The ruling came in Josemans v. Maastricht, in which Maastricht coffee shop owner Marc Michel Josemans challenged a 2005 Maastricht ban on selling cannabis products to non-residents. He was forced to temporarily close his shop after selling to foreigners in order to set up a test case. Josemans challenged the law in Dutch administrative courts, which asked the European Court of Justice to review the issue.

"The prohibition on the admission of non-resident to Netherlands 'coffee shops' complies with European Union law," the court held. "That restriction is justified by the objective of combating drug tourism and the accompanying public nuisance, an objective which concerns both the maintenance of public order and the protection of the health of citizens at the level of the Member States at European level."

Josemans had argued that barring foreigners from the coffee shops amounted to illegal discrimination under EU law, but the court held that because their product was illegal, coffee shop owners could not rely on EU protections: "As the release of narcotic drugs into the economic and commercial channels of the European Union is prohibited, a coffee-shop proprietor cannot rely on the freedoms of movement or the principle of non-discrimination in so far as concerns the marketing of cannabis," the court held.

The ruling opens the way for Holland's conservative Liberal/Christian Democrat governing coalition to institute a nationwide ban on foreigners purchasing marijuana at the coffee shops. The government is planning to introduce a "weed pass" that will be required to purchase pot and will only be available to Dutch citizens and legal residents.

"If the Council of State rules that access to coffee shops can be limited to inhabitants of the Netherlands, then the weed pass this Cabinet wants to introduce can be limited to inhabitants of the Netherlands and that helps combat drug tourism," Justice Ministry spokesman Wim van der Weegen told Bloomberg News Friday.

Barring foreigners may be a Pyrrhic victory for Dutch border towns. Maastricht alone sees 10,000 visitors a day, mostly from Belgium, Germany, and France. The number of those visitors who come primarily to purchase marijuana is substantial, and, of course, pot isn't all they purchase. Income and tax revenues from border city coffee shops are likely to decline precipitously.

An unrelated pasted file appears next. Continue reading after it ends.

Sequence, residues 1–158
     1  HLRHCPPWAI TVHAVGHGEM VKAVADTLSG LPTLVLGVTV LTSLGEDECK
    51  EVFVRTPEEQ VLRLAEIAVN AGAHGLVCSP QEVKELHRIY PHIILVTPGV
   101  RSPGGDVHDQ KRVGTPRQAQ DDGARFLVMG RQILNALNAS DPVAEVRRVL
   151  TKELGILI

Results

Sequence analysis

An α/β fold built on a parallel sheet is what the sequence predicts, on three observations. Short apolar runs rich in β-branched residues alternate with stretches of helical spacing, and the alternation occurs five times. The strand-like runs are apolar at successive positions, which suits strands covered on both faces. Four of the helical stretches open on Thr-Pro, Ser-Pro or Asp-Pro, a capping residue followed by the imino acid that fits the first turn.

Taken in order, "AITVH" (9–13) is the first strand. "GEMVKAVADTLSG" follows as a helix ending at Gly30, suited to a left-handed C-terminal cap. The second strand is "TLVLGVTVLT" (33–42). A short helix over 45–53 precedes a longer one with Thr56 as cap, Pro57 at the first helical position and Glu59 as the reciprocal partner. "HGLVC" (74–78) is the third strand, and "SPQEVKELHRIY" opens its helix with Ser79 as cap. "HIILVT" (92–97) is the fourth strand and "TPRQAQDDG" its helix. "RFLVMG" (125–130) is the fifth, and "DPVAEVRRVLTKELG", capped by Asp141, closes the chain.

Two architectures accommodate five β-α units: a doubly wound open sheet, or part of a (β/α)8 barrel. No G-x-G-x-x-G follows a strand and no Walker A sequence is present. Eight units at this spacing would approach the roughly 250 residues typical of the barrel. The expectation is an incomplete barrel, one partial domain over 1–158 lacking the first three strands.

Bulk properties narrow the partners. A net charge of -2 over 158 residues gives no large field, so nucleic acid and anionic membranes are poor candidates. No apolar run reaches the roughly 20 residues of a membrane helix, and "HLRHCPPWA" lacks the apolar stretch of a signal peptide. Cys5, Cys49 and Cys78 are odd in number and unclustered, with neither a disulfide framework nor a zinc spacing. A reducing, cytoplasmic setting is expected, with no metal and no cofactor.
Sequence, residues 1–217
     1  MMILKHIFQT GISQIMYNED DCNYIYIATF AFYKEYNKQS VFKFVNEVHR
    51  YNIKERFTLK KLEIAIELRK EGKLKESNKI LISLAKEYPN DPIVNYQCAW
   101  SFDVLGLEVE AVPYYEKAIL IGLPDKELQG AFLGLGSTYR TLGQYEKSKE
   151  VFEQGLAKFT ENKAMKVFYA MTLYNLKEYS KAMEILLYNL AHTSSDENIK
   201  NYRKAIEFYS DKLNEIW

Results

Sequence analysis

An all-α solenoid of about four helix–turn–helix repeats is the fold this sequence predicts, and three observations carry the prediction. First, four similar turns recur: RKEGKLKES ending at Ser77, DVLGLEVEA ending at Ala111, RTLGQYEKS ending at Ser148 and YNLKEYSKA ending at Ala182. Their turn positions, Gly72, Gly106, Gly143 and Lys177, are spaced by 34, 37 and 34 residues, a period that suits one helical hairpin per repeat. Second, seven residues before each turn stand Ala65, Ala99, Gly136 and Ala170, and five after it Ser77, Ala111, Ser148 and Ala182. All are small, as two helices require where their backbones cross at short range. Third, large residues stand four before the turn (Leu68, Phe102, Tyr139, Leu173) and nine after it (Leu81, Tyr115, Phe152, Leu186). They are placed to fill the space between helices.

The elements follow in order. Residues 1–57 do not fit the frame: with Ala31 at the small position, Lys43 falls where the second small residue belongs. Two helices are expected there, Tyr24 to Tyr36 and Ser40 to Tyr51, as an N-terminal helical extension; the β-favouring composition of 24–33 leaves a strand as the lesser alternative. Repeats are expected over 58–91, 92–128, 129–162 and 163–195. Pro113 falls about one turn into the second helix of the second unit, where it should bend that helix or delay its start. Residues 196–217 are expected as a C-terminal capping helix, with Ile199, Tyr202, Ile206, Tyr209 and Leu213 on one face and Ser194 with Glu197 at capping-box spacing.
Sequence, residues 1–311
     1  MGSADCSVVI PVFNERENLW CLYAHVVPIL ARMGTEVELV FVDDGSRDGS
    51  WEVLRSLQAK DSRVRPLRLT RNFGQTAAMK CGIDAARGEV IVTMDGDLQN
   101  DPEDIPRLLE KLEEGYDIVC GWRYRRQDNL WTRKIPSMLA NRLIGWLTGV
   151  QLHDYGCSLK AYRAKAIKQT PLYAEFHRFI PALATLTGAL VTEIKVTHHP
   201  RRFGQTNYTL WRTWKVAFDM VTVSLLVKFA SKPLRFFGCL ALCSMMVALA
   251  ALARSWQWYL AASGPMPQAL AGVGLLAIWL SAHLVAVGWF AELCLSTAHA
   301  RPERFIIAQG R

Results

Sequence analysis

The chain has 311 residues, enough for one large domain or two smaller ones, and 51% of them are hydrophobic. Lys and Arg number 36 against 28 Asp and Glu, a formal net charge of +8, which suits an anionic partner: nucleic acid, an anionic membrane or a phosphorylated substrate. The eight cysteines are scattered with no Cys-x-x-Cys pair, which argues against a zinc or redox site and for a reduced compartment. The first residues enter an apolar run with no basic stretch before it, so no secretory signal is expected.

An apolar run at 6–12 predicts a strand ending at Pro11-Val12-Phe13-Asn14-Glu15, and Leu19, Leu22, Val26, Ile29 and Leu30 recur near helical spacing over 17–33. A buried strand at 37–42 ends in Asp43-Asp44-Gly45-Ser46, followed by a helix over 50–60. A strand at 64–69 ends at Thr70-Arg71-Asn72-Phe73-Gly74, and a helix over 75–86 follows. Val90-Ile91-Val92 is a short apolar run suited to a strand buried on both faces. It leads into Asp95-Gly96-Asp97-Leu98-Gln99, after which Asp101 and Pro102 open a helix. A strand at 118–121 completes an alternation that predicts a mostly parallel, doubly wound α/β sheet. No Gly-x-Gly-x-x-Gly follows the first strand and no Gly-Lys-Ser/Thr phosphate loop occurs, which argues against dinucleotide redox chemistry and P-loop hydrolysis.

The looming ban on foreigners in coffee shops is just part of a larger crackdown on the shops in Holland. Their numbers have shrunk by about half from their peak as local governments seek to close shops that have violated the law, are too close to schools, or otherwise inconvenient for local authorities. The national government is also hostile.

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Montana Marijuana Prosecution Runs into Jury Pool "Mutiny"

No way would they convict someone of possessing a 16th of an ounce of marijuana, member after member of a Missoula County jury pool told a stunned judge and prosecutor last week. As a result, the Missoulian newspaper reported, the judge in the case ordered a recess, and a plea bargain was reached in a drug trafficking case against Touray Cornell.

not business as usual at the courthouse in Missoula (image courtesy Wikimedia)
Potential jurors repeatedly told the court they would not convict for a couple of buds found during a raid on Cornell's home in April. One juror wondered out loud why the county was wasting time and money prosecuting the case at all, especially in a locale that approved a 2004 initiative making marijuana possession offenses the lowest law enforcement priority.

After that juror questioned the prosecution, District Judge Dusty Deschamps polled the jury pool and found at least five others who agreed. That was in addition to two others who had already been excused because of their philosophical objections to pot prosecutions.

"I thought, 'Geez, I don't know if we can seat a jury,'" Deschamps said, explaining why he called a recess.

Instead, Deputy District Attorney Andrew Paul and defense attorney Martin Ellison worked out a plea agreement on the more serious drug trafficking charge. Cornell entered an Alford plea, in which he did not admit guilt. He was then sentenced to 20 years in prison with 19 suspended. Since Cornell has already served 200 days awaiting trial, he should be out in a matter of months.

"Public opinion, as revealed by the reaction of a substantial portion of the members of the jury called to try the charges on Dec. 16, 2010, is not supportive of the state's marijuana law and appeared to prevent any conviction from being obtained simply because an unbiased jury did not appear available under any circumstances," according to the plea memorandum filed by his attorney.

It was "a mutiny" by the jury pool, said Paul.

"I think it's going to become increasingly difficult to seat a jury in marijuana cases, at least the ones involving a small amount," Deschamps said.